Business owners have the right to control the presence of guns on their premises and it appears many are treading carefully since the open carry law went into effect Nov. 1.
Photo - Stickers on the front door of Casa De Los Milagros Mexican Restaurant and Cantina in Oklahoma City communicate the establishment's firearms policy. PAUL B. SOUTHERLAND - PAUL B. SOUTHERLAND
Stickers on the front door of Casa De Los Milagros Mexican Restaurant and Cantina in Oklahoma City communicate the establishment's firearms policy. PAUL B. SOUTHERLAND - PAUL B. SOUTHERLAND
Signs banning, or welcoming, legal firearms are not widespread. Business owners face a difficult decision: if they ban firearms, will they alienate pro-gun customers? But if they allow them, will customers become uncomfortable if someone comes in carrying a gun?
Goodwill Industries of Central Oklahoma is one example of a business that posted signs banning guns at its retail stores after open carry became law. Chief Executive Chris Daniels explained the move was made to protect its employees, many of whom are disabled and could become anxious about the presence of a gun in the store.
A customer contacted Daniels last week to complain about the policy and the inconvenience he faced returning to his vehicle to store his firearm. But, Daniels said, after he explained the company's position, the customer understood and asked if there was anything he could do to help.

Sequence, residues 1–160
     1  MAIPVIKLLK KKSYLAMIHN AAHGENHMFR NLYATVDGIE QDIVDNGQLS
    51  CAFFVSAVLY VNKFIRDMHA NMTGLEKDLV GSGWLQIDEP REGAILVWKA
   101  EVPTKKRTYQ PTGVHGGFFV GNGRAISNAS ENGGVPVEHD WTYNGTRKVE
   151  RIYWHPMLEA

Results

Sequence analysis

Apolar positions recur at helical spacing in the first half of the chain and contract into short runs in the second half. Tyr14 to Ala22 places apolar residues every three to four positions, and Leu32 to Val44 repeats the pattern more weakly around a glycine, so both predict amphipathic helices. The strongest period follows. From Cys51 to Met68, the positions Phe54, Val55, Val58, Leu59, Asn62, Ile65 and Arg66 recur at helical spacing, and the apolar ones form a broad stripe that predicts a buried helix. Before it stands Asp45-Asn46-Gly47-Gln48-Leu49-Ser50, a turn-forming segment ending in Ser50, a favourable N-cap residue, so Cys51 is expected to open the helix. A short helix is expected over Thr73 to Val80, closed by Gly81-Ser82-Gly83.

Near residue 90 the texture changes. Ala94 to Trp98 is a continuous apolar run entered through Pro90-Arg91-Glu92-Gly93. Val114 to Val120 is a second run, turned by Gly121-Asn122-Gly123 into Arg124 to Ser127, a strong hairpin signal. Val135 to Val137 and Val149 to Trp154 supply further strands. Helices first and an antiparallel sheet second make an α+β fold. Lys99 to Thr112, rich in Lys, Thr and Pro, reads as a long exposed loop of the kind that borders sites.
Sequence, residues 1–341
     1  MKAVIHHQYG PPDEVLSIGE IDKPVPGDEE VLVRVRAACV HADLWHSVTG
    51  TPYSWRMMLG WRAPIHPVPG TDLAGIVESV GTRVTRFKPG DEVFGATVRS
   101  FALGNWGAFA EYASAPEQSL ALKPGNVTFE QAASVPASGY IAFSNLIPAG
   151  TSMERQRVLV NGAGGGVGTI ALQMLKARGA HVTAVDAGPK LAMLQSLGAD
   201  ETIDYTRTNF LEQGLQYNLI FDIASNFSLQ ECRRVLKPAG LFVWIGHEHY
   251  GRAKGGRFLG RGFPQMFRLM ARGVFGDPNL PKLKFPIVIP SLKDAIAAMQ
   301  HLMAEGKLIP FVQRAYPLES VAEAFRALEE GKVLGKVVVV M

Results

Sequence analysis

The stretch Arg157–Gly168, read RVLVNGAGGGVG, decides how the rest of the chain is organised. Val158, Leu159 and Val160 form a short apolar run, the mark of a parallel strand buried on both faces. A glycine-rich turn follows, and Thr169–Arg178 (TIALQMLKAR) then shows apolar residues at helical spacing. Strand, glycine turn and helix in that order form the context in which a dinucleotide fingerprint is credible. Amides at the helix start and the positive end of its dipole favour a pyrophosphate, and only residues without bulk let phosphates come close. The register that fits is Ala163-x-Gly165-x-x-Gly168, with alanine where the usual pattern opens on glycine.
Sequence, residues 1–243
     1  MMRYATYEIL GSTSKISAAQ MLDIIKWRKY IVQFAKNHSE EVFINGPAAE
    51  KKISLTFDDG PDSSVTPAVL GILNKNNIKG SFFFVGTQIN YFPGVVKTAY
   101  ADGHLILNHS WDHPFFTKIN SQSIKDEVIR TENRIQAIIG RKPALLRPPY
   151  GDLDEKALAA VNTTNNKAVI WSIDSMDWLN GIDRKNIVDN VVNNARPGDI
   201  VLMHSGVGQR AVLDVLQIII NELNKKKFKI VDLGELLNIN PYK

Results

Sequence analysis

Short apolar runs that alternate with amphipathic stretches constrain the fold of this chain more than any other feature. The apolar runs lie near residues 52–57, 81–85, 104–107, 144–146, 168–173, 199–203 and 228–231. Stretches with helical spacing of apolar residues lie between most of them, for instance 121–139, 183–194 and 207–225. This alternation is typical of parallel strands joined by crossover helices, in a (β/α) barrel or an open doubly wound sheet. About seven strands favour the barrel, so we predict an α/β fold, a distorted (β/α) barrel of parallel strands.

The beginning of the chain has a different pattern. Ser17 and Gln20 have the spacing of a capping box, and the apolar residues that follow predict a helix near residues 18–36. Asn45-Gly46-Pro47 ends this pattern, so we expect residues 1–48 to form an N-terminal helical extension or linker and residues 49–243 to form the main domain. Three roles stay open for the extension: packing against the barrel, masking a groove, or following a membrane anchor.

Daniels said the company is open to revising its policy but officials believed they needed to take a quick stance before it became an issue.
“We thought we needed to get a hold of it quickly until we could gather some more information,” Daniels said.
On the other end of the spectrum, customers entering Casa De Los Milagros Mexican Restaurant and Cantina encounter two signs on the door. The first reads “Your legal carry firearm is welcome here!” and shows a handgun with a red heart around it. The other reads “Nothing on this property is worth your life!” The signs were created by crimeseen.com, an Edmond-based security company.
During a busy lunch hour this week, it didn't appear any customers were openly carrying a gun at the restaurant. A manager on-site declined to comment on the signs and the owners didn't return a message left by The Oklahoman.
At the Warren Theatres in Moore, a list of the company's rules is etched into the exterior glass doors. The top one prohibits open carry. Patrons legally carrying a concealed handgun, however, are permitted.
The Warren Theatres and Casa De Los Milagros were two of several businesses contacted that declined to discuss their policy for this report.